In Orissa, the forest department has taken over the collection of tendu leaves. The forest region is classified into subdivisions and ranges. Each range has about 10 collection centers from which pluckers receive 10 paise (US 1c) for leaves. In this way the government earned annually Rs 44 million (US $3.4 million) or royalty, and the Forest Corporation a profit of Rs. 20 million (US $1.5 million). But this profit had been made at the cost of the tribals.

Where the minor forest produce is not nationalized, businesspeople exploit the forest dwellers. In the Uttarakhand region in Uttar Pradesh, contractors employed local people at nominal wages, but made huge profits themselves. In Chamoli district the Dashauli Gram Swarajya Sangh intimidated the local people about the prevailing market prices of the different herbs and mushrooms they had collected, and advised them to sell their herbs rather than collect them at nominal wage for the contractor.

Some tribal regions have no regular market. At the weekly mandis (marketplaces), private wholesale dealers buy the minor forest produce at very low rates and sell them at huge profits in the cities. Many times they pay the tribals in advance and later buy their goods at nominal costs. Since most of the tribals do not know how to count, the price that is promised often does not correspond to the amount they actually receive. Generally, the trader is a moneylender, too, who buys the produce from the tribals as repayment of a debt, but at incredibly low prices. The Tribal Development Corporations, Forest Corporations and some other cooperative agencies have taken up the sale of some produce, but the moneylender-cum-trader has yet to be eliminated by them.

Development Programs and Forest Dwellers

In the successive development programs for the forest regions, top priority is accorded to the development of transport and communication facilities so that education, health, land colonization, housing, development of horticulture, animal husbandry and cooperative schemes could be initiated in the region, bringing the forest dwellers into the mainstream of nation development. In actual practice, these priorities have brought non-tribal traders and settlers into the forest regions. These outsiders cheat the forest dwellers in the sale of forest produce, give them loans at exorbitant rates and then grab their land and turn them into bonded laborers.

A pertinent comparison could be drawn between Manipur ant Tripura. In Manipur, as the study team noted, "there have hardly been any cases of transfer of land from tribals to non-tribals in the tribal areas." However, the team feared that "with the construction of roads and provision of adequate means of communication and the acceleration of development activities in the tribal areas, there is likely to be some pressure of non-tribals on the tribals who will have to depend on the non-tribals for their daily needs of consumer goods and the like". In Tripura, on the contrary, the team noticed large-scale transfers of tribal land to non-tribals, with the result that the tribals were becoming landless and their economic condition was quickly deteriorating.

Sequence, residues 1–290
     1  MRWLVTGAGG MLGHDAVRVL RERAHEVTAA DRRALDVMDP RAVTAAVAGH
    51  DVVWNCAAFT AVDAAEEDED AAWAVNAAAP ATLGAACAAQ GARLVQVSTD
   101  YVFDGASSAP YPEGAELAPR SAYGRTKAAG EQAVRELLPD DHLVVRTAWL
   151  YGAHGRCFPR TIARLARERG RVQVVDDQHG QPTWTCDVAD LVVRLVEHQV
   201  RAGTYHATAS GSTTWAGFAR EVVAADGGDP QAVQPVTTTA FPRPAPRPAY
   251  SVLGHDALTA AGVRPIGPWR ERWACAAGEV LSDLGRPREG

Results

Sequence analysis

The fruits of the development plans initiated by the central as well as the different state governments could not reach the local people, because these plans were not based on the perceived needs of the people. The study team, during its tour of various states, observed that development schemes failed because the planners did not take into account the stage of development of the tribes for whom the schemes were intended or the conditions in the areas where they were to be implemented.

Another weak point in the development plans is the division between the general plans and special tribal development plans. Experience has shown that development plans in states such as Nagaland, Manipur and Arunachal, where they were meant for the tribals only, have had considerable le impact on the tribal economy. On the other hand, in provinces where the general programs were combined with tribal development programs, there is no conscious attempt to ensure that the tribals derive a reasonable share of benefit from the general development programs. Only the development programs meant for the Scheduled Tribes, which are in fact meant to supplement the benefits derived from development schemes under the General Sector, are treated as programs meant exclusively for the tribals.

Huge amounts have been spent on land colonization schemes in different states. But because of bureaucratic red tape, inadequate facilities for land reclamation, soil conservation, the lack of irrigation facilities and job opportunities in the colonies, and the exploitation of tribals by go-betweens, these schemes have by and large failed. These colonies should be in line with the customs, habits, religious practices and beliefs of the forest dwellers. Otherwise as the experiment of the imposed development of the Veddas - a tribe of Sri Lanka - has shown, these various schemes would only worsen the condition of forest dwellers.